Here at Inside, we were surprised at the amount of people who hadn’t heard of TEMPO, and those who had still weren’t quite sure where or what it was. It is, in fact, one of the best cultural offerings in the region, housed in a beautiful 18th-century landmark in Portimão.

TEMPO, or the Teatro Municipal de Portimão, opened in December 2008 as a cultural venue of excellence, staging a remarkable series of compelling music, theatre and dance programmes that have helped put the Algarve’s second city on the cultural map.

Housed in the former Sárrea Palace, opposite Largo 1 Dezembro near the riverside, it once served as the city’s law court. Today, however, it is a hot spot for the performing arts, with a programme that presents everything from plays, music and dance to film cycles, exhibitions, conferences and debates. “Above all, it is the city’s theatre, which works for the local community by playing an important role in boosting the city centre,” states Susana Martinho Lopes, production director at TEMPO.

Unfortunately, the recession has had a huge impact not only on local trade but also on cultural activities, and so, in the past few years, the theatre has had to reinvent its programme models which, at the moment, are almost exclusively made through partnerships where the profits are shared with the promoters and artists. “There has been a decrease in our audience who, for economic reasons, are pickier than ever when it comes to shows. Unfortunately, the less commercial shows are the ones that suffer the most,” explains Susana, who notes the much-needed support the theatre receives from various businesses and institutions, such as the Portimão Tourism Association and the Portimão Junta de Freguesia.

And so, thanks to the commitment and creativity of those behind the municipal theatre, today’s programmes are more diverse than ever, supporting more local artists and thus “proving that the theatre is a house of culture that is for everyone”, adds the production director.

Of course it helps that the building has an envious range of spaces, each with very distinctive features. The Grande Auditório, with a capacity for 440 people and featuring modern technical equipment, is the main venue for more complex performances, whilst the 165-capacity Pequeno Auditório is suited to conferences, talks and film screenings. Black Box is the smallest of the spaces, a more intimate room that allows greater proximity between the artists and the audience and where most of the educational shows and activities take place (the theatre’s Oficina do Espectador). The more informal Café Concerto is currently where the exhibitions take place and is a great little meeting point for a coffee, whilst the former exhibition room has become the Tourist Office. On the third floor is a rehearsal room for dance and theatre workshops, and this summer, the theatre opened its wonderful rooftop terrace, with unparalleled views over the river, for the unique After Work Sunset Sessions.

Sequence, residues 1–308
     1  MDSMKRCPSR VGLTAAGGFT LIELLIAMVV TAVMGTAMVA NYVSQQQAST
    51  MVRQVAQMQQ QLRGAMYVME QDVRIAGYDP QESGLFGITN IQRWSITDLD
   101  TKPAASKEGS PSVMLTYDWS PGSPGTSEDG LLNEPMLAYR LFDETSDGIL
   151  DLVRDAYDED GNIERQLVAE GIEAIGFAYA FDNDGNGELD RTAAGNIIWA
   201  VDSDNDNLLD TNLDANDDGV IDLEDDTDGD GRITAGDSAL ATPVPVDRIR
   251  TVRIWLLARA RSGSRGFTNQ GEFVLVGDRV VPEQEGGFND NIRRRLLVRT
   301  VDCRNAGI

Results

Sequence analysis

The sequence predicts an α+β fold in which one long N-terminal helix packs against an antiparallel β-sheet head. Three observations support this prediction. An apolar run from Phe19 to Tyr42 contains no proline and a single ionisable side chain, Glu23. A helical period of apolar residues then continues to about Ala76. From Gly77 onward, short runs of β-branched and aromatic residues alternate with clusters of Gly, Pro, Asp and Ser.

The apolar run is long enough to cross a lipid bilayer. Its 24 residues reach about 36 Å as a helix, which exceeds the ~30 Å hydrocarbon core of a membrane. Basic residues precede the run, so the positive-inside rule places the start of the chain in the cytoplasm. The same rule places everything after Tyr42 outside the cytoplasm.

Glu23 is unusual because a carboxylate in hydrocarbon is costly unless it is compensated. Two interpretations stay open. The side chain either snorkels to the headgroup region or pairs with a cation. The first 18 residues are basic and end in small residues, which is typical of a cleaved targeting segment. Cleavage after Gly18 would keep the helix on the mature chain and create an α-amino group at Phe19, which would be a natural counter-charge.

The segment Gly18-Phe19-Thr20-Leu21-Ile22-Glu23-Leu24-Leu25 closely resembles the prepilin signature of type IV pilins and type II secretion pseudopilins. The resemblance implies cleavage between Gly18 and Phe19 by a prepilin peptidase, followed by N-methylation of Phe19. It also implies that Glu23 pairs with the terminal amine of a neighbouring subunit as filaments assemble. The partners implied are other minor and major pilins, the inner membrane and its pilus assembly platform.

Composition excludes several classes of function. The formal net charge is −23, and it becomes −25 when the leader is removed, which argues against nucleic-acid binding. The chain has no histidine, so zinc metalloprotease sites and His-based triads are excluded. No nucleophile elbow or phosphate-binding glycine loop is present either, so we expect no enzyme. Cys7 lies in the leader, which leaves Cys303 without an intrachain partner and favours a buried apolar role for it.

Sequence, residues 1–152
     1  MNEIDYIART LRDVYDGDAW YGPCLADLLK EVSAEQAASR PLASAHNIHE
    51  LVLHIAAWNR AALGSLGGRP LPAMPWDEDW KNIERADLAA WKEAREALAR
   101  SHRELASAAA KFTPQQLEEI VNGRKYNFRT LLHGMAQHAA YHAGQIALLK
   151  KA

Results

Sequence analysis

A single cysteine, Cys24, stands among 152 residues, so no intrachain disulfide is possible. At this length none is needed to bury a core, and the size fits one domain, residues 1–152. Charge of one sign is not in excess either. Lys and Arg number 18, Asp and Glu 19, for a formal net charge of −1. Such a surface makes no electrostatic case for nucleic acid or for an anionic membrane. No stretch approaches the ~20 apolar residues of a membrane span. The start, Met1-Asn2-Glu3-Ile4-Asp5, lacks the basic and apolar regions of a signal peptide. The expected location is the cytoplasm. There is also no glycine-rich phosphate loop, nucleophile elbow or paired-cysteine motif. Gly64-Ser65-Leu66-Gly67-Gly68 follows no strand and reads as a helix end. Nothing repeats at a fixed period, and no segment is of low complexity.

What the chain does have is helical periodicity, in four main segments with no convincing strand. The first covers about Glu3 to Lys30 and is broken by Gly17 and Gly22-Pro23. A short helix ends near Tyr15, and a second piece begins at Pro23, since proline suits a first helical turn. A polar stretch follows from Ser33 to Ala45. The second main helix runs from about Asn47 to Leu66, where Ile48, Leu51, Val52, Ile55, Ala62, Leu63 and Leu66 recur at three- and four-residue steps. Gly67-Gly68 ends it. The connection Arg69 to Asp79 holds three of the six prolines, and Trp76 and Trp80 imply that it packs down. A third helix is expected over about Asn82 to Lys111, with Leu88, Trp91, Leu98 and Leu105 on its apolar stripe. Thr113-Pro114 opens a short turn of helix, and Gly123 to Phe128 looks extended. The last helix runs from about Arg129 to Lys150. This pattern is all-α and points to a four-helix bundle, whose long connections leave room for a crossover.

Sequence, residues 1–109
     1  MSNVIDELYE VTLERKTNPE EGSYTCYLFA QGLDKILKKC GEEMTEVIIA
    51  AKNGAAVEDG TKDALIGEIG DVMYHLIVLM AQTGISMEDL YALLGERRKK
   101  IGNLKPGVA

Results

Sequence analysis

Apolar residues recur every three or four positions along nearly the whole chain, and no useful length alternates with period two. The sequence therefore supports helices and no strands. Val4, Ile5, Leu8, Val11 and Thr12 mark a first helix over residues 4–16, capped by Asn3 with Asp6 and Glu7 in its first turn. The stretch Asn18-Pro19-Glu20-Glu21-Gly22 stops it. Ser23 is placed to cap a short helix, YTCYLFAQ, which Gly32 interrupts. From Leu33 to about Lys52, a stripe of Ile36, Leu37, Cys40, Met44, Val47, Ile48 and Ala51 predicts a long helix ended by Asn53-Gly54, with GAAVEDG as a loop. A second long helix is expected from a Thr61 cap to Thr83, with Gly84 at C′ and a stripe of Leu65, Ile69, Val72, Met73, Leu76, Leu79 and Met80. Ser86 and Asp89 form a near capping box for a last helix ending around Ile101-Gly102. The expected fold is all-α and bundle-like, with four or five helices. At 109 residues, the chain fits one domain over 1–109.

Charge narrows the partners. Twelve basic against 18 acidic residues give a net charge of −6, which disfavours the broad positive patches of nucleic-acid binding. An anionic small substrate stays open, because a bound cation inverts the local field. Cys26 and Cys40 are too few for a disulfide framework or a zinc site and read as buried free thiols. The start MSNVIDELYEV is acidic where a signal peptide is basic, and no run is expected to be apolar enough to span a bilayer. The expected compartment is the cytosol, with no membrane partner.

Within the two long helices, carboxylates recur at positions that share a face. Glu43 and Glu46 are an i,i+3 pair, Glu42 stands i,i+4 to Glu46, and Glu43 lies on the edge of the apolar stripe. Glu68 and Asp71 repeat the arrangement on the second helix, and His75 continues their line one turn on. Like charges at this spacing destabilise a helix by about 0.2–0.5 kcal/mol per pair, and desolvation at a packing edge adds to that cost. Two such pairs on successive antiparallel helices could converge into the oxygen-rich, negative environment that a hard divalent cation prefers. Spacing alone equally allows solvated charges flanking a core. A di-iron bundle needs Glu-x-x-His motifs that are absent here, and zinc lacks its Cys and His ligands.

As well as its multiplicity of spaces and its central location at the top of Rua Direita, the theatre’s investment in high-quality lighting and sound equipment and a competent specialist team is essential. “Having a team responsible for the programme, production and technical maintenance represents a financial strain but it is vital for the space to have its own identity and keep running, to make this project socially viable.” Aiming to promote the arts to the wider community since its inception, the theatre’s programme is incredibly rich, comprising various genres and styles that they hope will appeal to people of all ages, backgrounds and nationalities. Having recently welcomed various photographic exhibitions from local artists, film screenings from international directors and classical music concerts, the programme over the Christmas season includes a performance of Swan Lake by the Russian Classical Ballet, a concert from famous Portuguese singer David Fonseca and a Christmas Concert performed by the Portimão Philharmonic Society. Amongst the big names to have graced the stage at TEMPO, including the likes of American jazz singers Dianne Reeves and, more recently, Stacey Kent, a particularly memorable event was the Invisible Cities Festival – Bridges of Istanbul. “In particular, the performance called Dervish by Turkish choreographer Ziya Azazy was one of the biggest successes in the history of TEMPO, with the Grande Auditório full and huge applause from a moved audience,” notes Susana.

Alongside the shows, the theatre also offers different initiatives, such as Valentine’s Day events, the After Work gatherings on Wednesday evenings and various corporate events, alongside a special educational service and its ongoing work with schools, families and senior citizens.

“Our ideal is to make people understand that culture is essential not only as a response to the recession, but above all to build our identity, our ability to question and reflect. We exist to contribute to the construction of better citizenship,” concludes the production director. “We have to keep the theatre alive.” To consult the programme, please visit www.teatromunicipaldeportimao.pt or find TEMPO on Facebook. Tel: 282 402 470



Author: Inside Carvoeiro

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